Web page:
10 Tips for Preparing for Your Senior Session
As I was in the midst of senior photo season this past spring semester (a.k.a. the most hectic time of the year), I thought back to my (high school) senior photos. While most of the girls I photograph around this time of year are 4 years older than I was back then and were graduating from college instead of high school, the process is still a pretty stressful one. How do you know what outfits to wear? What all do you need to bring with you? How do you communicate what you're wanting from your photographer?
There are so many questions that arise during a shoot; so in order to relieve some of that anxiety, here are 10 tips for preparing for your senior session!
1. Book early.
Lemme tell ya—photographers are BUSY people. For me, it's sometimes hard to juggle scheduled senior photo sessions, editing those photos, school, my sorority, other paid work... you get the picture. In order to keep myself sane this time of year, I have to limit the number of sessions I take on. But even when I'm running around like a crazy lady from one shoot to the next and I think I couldn't possibly fit anything else in my schedule, I'll get an email from someone still wanting to book a session, and it takes so much self-control to keep from saying yes!
In order to make sure you're not in that sort of situation, book early. I recommend emailing the photographer you want to hire in late January or February, since they will probably have a pretty good idea of what their availability will be for the next month or so. This also helps you snag the best dates and times, that way you're not sprinting to your photos straight from class because that was the only available time!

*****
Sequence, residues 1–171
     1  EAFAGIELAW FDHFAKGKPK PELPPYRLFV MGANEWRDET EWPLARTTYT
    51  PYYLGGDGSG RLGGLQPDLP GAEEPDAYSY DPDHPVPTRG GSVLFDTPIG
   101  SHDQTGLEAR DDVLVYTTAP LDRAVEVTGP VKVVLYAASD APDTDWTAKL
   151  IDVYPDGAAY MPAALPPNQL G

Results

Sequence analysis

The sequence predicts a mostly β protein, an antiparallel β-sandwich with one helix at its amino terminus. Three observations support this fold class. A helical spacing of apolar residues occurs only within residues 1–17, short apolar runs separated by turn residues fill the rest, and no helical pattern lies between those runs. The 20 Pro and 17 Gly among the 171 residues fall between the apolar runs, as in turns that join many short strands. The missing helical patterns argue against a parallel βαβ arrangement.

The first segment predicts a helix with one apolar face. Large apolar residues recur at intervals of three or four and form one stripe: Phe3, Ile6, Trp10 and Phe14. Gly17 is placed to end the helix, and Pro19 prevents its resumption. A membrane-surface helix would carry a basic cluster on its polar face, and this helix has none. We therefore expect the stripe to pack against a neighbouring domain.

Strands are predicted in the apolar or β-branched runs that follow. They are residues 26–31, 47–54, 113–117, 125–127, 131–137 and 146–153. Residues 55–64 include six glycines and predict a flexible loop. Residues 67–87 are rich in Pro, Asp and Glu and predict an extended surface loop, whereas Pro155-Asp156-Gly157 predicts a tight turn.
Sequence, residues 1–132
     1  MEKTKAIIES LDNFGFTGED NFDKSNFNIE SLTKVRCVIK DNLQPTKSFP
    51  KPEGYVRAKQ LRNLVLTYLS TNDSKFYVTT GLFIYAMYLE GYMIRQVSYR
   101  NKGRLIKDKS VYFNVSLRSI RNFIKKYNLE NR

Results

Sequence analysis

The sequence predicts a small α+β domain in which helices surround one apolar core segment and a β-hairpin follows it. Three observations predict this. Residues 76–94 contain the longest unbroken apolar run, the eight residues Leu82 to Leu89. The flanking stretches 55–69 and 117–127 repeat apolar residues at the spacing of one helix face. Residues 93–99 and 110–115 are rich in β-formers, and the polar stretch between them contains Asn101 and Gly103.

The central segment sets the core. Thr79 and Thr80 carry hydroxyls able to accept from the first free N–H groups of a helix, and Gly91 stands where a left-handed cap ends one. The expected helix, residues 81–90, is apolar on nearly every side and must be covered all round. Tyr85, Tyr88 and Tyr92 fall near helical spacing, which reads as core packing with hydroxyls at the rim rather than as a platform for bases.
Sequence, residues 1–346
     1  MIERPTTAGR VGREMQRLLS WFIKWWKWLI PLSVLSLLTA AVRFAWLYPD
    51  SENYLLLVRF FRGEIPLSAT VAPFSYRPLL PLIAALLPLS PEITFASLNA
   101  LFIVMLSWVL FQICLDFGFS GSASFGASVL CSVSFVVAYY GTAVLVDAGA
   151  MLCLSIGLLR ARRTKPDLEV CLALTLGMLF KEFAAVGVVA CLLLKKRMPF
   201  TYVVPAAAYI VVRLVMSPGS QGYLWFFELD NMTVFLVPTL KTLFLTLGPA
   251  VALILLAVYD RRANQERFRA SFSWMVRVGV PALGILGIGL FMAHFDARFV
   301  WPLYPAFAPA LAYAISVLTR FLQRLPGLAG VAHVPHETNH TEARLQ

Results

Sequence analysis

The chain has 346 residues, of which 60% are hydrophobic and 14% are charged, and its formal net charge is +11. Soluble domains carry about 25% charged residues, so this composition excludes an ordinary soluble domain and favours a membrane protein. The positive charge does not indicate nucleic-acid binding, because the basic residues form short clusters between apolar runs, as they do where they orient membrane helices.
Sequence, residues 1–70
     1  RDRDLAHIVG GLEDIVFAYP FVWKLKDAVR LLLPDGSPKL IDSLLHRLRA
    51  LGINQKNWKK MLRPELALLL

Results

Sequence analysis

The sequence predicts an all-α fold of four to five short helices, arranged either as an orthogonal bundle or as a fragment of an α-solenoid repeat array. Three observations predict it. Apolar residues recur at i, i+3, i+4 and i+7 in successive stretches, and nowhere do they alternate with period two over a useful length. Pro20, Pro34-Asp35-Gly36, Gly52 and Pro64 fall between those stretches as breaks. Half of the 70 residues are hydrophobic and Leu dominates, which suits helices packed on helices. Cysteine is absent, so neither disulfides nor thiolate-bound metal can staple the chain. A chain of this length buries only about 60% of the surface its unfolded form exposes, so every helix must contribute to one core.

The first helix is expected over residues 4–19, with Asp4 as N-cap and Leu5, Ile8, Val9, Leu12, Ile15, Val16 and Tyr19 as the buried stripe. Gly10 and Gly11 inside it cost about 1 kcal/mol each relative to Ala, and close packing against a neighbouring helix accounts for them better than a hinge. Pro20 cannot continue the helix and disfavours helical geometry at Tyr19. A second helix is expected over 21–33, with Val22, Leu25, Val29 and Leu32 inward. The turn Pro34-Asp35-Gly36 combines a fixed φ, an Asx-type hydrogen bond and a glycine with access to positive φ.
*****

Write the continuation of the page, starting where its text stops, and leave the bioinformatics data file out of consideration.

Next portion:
2. Show your personality.
Easily one of the most difficult parts of preparing for your senior session is deciding what to wear. When I got my high school senior photos done, I changed my mind about what outfits to bring literally the night before the shoot (don't do that haha). Really put some time and thought into deciding what to wear for your session.
While this topic could be an entire post on its own, one thing that I've seen people struggle with over the years is deciding whether they should dress trendy or classic for their photos (and there are pros and cons for both!). If you typically dress a little boho/hipster/granola/whatever other adjective you want to throw in, dressing "classic" in a nice dress and heels may not make you feel very comfortable during your session.
Keep in mind, though, trends change quickly. If you're wanting to use these photos for years to come, an outfit that's a little too trendy will show it's age (imagine if you wore gaucho pants in one of your middle school photos... super obvious what time period that was looking back!). Try to think of ways to keep it somewhat classic, while still showing your personality!